The 2012 NBA Trade Deadline has come and gone, and while it may not have been the most exciting deadline in recent years, there were many minor moves made by teams whose sights are set on both the present and future. Let’s take a look at some of the trade deadline’s winners and losers.
While this may not be the case a year from now, the Magic have to be thrilled that they were able to keep Dwight Howard. Add to the fact that Howard decided to waive is opt-out clause, postponing his free agency until after next season, the Magic could make some noise in this year’s postseason. However, one has to wonder if this will be a distraction once again next season if the Magic fail to meet Howard’s expectations. The whole debacle was a circus, one in which Stan Van Gundy, Otis Smith, and Magic fans are sure to want to avoid next season.
Los Angeles Lakers
The loss of Derek Fisher will certainly be felt in the locker room, especially if Kobe Bryant didn’t have a say in the matter from the get-go. Fisher’s leadership is unparalleled across the league, and while he may not be missed as much on the court, Kobe and the Lakers will miss his experience and his place as the vocal leader. With that said, they picked up a guy in Ramon Sessions who is a tremendous upgrade over Fisher. He’s younger, more athletic, and is very capable of running the offense. Plus, he’s not the type of point guard that needs to dominate the ball, which will mesh well with Kobe. Although he’s only averaging 11 points per game on 40% shooting, Sessions is a playmaker. The Lakers once again are a dangerous threat out West.
Los Angeles Clippers and San Antonio Spurs
Already playoff teams, the Clippers and Spurs helped their chances even more with strong additions before the deadline. The Clippers, in need of more backcourt help after Chauncey Billups was lost for the season, traded for shooting guard Nick Young. While his all-around game leaves much to be desired, Young can score. He’s a solid perimeter shooter, averaging nearly 17 points albeit on 41% shooting. He should be a nice compliment to Chris Paul, and remember, Young played his college ball at USC and hails from California. He should be motivated playing at home.
As for the Spurs, already considered a top three team out West, went out and brought back Stephen Jackson, a key piece to their 2003 title run, in exchange for Richard Jefferson. Jackson can be a cancer at times, but when put in the right situation, he can thrive. Coach Gregg Popovich won’t deal with his nonsense, and both Jackson and the Spurs should benefit.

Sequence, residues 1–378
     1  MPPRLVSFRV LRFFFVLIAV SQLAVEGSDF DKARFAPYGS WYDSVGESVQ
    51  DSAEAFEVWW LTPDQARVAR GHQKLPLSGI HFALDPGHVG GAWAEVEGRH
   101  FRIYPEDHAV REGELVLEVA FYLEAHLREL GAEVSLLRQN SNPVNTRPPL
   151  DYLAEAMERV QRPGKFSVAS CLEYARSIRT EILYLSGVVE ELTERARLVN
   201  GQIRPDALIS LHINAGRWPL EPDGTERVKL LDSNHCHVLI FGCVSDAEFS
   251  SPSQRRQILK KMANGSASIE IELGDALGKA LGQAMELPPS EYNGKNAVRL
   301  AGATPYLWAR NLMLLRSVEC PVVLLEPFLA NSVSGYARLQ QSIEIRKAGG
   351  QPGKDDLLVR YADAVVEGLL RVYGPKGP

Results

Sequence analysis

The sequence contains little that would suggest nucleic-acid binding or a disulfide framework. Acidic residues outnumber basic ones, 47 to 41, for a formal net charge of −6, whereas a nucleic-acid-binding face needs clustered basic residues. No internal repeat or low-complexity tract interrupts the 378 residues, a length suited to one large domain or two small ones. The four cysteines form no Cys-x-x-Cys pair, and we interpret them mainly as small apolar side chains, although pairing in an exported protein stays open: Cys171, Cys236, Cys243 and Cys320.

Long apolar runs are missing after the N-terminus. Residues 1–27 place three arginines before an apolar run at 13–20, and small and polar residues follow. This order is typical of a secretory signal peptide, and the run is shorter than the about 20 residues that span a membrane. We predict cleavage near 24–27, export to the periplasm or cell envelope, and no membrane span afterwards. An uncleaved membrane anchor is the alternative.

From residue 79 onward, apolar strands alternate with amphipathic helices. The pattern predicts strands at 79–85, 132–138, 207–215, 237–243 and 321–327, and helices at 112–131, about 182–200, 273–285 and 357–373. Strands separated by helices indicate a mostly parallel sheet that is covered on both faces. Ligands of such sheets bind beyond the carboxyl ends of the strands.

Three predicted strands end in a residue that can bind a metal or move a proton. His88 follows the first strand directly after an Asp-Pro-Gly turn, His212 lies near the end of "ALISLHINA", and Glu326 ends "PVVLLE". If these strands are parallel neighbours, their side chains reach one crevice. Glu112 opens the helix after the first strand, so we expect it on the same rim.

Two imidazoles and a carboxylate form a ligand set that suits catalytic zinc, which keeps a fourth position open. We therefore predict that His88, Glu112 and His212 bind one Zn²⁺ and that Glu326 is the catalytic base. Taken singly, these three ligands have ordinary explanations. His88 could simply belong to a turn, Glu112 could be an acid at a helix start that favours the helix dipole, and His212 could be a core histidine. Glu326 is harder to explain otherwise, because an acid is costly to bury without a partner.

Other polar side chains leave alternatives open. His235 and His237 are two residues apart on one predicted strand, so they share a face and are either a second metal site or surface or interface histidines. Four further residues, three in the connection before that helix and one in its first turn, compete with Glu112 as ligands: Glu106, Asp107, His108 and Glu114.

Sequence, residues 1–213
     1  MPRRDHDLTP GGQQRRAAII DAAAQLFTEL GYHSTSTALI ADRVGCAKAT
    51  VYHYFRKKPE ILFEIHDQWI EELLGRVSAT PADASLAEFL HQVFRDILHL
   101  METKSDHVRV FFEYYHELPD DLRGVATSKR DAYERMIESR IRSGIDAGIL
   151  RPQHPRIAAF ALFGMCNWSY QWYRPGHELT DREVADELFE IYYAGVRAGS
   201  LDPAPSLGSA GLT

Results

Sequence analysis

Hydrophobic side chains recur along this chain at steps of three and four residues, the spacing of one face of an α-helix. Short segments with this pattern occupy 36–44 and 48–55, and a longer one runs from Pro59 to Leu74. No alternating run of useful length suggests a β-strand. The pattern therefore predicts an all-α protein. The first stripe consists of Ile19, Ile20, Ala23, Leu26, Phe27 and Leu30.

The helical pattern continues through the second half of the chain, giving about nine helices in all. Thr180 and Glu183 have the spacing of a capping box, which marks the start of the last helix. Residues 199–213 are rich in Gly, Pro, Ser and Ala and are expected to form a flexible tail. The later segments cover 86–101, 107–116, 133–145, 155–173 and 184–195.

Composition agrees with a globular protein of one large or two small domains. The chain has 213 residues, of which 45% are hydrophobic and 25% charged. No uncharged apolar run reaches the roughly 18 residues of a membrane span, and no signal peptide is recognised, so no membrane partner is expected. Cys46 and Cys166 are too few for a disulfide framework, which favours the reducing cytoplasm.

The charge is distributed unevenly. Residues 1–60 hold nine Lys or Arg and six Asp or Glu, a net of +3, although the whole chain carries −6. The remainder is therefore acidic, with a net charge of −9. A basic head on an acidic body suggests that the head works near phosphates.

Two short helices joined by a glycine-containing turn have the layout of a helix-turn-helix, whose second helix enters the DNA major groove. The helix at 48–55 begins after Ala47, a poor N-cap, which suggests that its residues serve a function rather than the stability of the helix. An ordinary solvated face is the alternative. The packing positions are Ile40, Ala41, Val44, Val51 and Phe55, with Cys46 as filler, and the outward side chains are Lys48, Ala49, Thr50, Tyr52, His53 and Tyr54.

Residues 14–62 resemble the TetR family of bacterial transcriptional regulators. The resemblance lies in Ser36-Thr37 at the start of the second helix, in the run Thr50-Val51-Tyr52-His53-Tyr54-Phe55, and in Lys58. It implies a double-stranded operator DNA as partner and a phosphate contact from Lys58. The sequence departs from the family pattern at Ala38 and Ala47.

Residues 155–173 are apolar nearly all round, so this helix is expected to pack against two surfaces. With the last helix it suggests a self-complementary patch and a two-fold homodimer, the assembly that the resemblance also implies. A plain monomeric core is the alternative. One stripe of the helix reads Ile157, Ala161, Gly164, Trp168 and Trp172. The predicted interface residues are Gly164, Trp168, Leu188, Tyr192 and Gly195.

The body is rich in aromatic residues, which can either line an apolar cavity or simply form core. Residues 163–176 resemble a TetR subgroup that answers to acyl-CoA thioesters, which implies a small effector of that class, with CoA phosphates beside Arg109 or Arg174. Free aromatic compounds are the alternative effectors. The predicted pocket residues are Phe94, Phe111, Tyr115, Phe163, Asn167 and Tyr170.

New Jersey Nets
Not only did the Nets fail to get Dwight Howard, but they traded away some assets that could help pursue Howard next year, as well as keeping Deron Williams around. They brought in Gerald Wallace, a hard-nosed player who can defend multiple positions, but it cost them a first-round draft pick. Williams certainly won’t be happy that they were unable to get Howard, leaving the Nets with a lot of uncertainty as they get ready for the move to Brooklyn.
Portland Trail Blazers
The Blazers started the year on the right foot, and with the emergence of LaMarcus Aldridge, all signs pointed up for Portland. However, the ship sank fast. They basically gutted the team, trading Wallace and Marcus Camby, firing Head Coach Nate McMillan and releasing the injury-riddled Greg Oden. They may have gotten some draft picks out of those trades, but it’s clear they are rebuilding.
Many NBA fans were expecting a high-volume of trades involving big names before the deadline, however that wasn’t the case. Pau Gasol stayed put, as did Rajon Rondo and Boston’s Big Three, and of course, Dwight Howard. The top three teams in the league; the Bulls, Heat, and Thunder, decided not to make a move, going forward with their rosters intact. All in all, there may not have been any major moves, but the trades that did take place will certainly have an effect on those respective teams.
KDM a.k.a. K-Rose 23